Thursday, January 23, 2014

"Managing" An Economy Without Statistics

One way to do it is just to do it:
Cowperthwaite was a humanist in a field that had fallen victim to social science. I have no great confidence that Chairman Yellen will follow his lead—even if I advise her to do so—and banish statisticians from her cold marble temple on Constitution Avenue. As a highly decorated economist, she has reached the top of a trade that considers statistics indispensable to its own functioning. 

But Cowperthwaite didn’t believe it. Stripped of his numbers an economist would have to resort to the old home truths about how the world works: If you tax something you get less of it; as a general rule an individual manages his own affairs better than his neighbor can; it’s rude to be bossy; the number of problems that resolve themselves if only you wait long enough is far larger than the number of problems solved by mucking around in them. And the cure is often worse than the disease:
In the long run, the aggregate of the decisions of individual businessmen, exercising individual judgment in a free economy, even if often mistaken, is likely to do less harm than the centralized decisions of a Government; and certainly the harm is likely to be counteracted faster.
Somehow the most successful practical economist of the twentieth century knew this was true, and he didn’t have to work out a single equation.


maxutils said...

Economic theory, properly applied, can't really predict anything beyond a micro level ... and, while it is possible to get a general sense of a policy's magnitude of effect on an individual market, it is likely to be fairly inaccurate. On a macro level? Forget about it. The potential for a president, or even congress to have a significant, positive effect on the economy is minimal. I haven't read this particular economist, but I agree completely...

allen (in Michigan) said...

On the contrary, it's easy for a president or Congress to have a significant, positive impact on the economy. All that's necessary is to come to grips with the truth that government isn't a positive force in the economy. Ever.

Where government works to expand the economy is where government does as little as necessary and puts that "necessary" continually under a microscope.

maxutils said...

"Ever" is simply wrong ... but, on a macro level it usually is. You leave out the possibility, however that government could improve the economy by removing itself from the process ... or providing tax incentives that encourage growth rather than stagnation. NY has been running ads in CA (I don't know if you've seen them in MI) offering tax free status for new businesses for 10 years ...the theory, obviously is you don't tax the business, but you did just create jobs ... and those employees pay taxes. I'll be interested to see if it works.

allen (in Michigan) said...

"Ever" is a starting point. It's the assumption, in a single word, that government's always a drag on the economy and that extraordinary circumstances make the cost worthwhile. The assumption stands in polar opposition to the rather widely-held belief that all government expenditures are a good idea until forcefully proven otherwise and even then, it's no big deal.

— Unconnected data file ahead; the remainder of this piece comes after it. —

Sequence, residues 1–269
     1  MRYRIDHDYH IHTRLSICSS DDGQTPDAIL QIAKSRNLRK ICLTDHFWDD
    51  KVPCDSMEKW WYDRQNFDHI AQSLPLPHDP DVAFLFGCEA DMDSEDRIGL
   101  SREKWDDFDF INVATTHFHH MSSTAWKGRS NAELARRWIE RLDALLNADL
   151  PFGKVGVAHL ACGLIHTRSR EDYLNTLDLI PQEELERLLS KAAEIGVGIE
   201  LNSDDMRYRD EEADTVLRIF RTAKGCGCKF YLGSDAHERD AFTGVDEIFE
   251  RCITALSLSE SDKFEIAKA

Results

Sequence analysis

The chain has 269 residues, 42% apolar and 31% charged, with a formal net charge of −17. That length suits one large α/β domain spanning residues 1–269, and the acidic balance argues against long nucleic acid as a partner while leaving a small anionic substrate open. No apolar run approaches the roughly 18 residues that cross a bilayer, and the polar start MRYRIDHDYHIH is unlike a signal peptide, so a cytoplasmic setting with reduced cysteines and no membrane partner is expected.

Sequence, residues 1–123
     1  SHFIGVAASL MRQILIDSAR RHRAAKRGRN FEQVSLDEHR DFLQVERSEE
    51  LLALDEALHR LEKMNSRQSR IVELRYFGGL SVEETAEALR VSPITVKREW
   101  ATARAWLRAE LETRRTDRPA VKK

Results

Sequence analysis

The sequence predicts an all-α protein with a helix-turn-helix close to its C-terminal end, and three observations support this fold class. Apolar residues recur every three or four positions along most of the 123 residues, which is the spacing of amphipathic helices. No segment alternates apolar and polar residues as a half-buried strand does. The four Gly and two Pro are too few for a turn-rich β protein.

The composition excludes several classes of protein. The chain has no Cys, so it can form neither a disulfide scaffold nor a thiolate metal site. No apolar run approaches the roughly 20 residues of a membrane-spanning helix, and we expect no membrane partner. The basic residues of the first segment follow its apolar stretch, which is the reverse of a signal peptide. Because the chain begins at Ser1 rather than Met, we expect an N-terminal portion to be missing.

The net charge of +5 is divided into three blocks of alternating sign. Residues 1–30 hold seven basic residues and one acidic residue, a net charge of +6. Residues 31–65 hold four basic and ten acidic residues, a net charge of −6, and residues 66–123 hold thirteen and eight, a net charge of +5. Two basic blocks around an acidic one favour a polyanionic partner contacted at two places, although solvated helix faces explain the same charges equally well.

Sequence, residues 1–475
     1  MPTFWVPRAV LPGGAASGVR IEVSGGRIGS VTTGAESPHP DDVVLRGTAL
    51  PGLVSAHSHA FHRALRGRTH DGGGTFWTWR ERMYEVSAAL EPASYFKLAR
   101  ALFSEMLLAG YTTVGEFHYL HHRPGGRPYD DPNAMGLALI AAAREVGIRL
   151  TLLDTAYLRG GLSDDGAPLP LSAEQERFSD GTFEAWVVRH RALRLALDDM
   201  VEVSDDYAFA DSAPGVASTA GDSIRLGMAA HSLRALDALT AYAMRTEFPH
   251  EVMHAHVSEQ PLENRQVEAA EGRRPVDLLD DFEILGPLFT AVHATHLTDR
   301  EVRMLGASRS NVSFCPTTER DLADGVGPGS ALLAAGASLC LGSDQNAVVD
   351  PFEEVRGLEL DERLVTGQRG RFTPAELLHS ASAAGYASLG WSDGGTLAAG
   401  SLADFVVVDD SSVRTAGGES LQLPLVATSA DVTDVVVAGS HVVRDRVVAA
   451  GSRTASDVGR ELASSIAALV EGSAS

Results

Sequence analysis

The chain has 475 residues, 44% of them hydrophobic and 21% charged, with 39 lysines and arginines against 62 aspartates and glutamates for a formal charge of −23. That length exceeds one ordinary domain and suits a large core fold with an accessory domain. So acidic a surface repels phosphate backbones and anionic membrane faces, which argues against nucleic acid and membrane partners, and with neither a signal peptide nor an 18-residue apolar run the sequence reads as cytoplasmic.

As for "tax incentives that encourage growth rather than stagnation", please.

New York's running those ads (in Michigan as well) because New York's rightly earned a reputation as business-hostile. New York will probably get some takers but the campaign is tacit proof of that hostile business environment.

Further, tax incentives, as the steady drumbeat of bankruptcies among "green" businesses proves, inevitably results in "crony capitalism". There may be a legitimate business here or there that benefits from those tax incentives but human nature ensures that those with fraud in their hearts will thrust aside those trying to run a legitimate business when pursuing government money.

Lastly, the number of successful interventions which I can think of pales in comparison to the number of failures.

The only two that come immediately to mind are the Kelly Act of 1925 that authorized the transportation of mail via aircraft kickstarting, it's assumed, the commercial air industry although I have serious reservations about that claim and the interstate highway system via the Federal Aid Highway Act of 1956.

Both are based on legitimate, government responsibilities - transporting the mail and defending the nation and they've worked out relatively well although a case can be made that both would have been accomplished without government aid. Outside those two feel free to suggest some candidates because I'm just not seeing any.

maxutils said...

I'm not arguing against your starting point ... but there are recognized areas where government need to become involved, or the consequences will be worse than the inefficiency (which, allen, you are entirely correct about) that will inevitably result. Fire protection .. police... national defense ... power... all pads, not just highways ... sewer systems ... pollution control ... product liability enforcement ...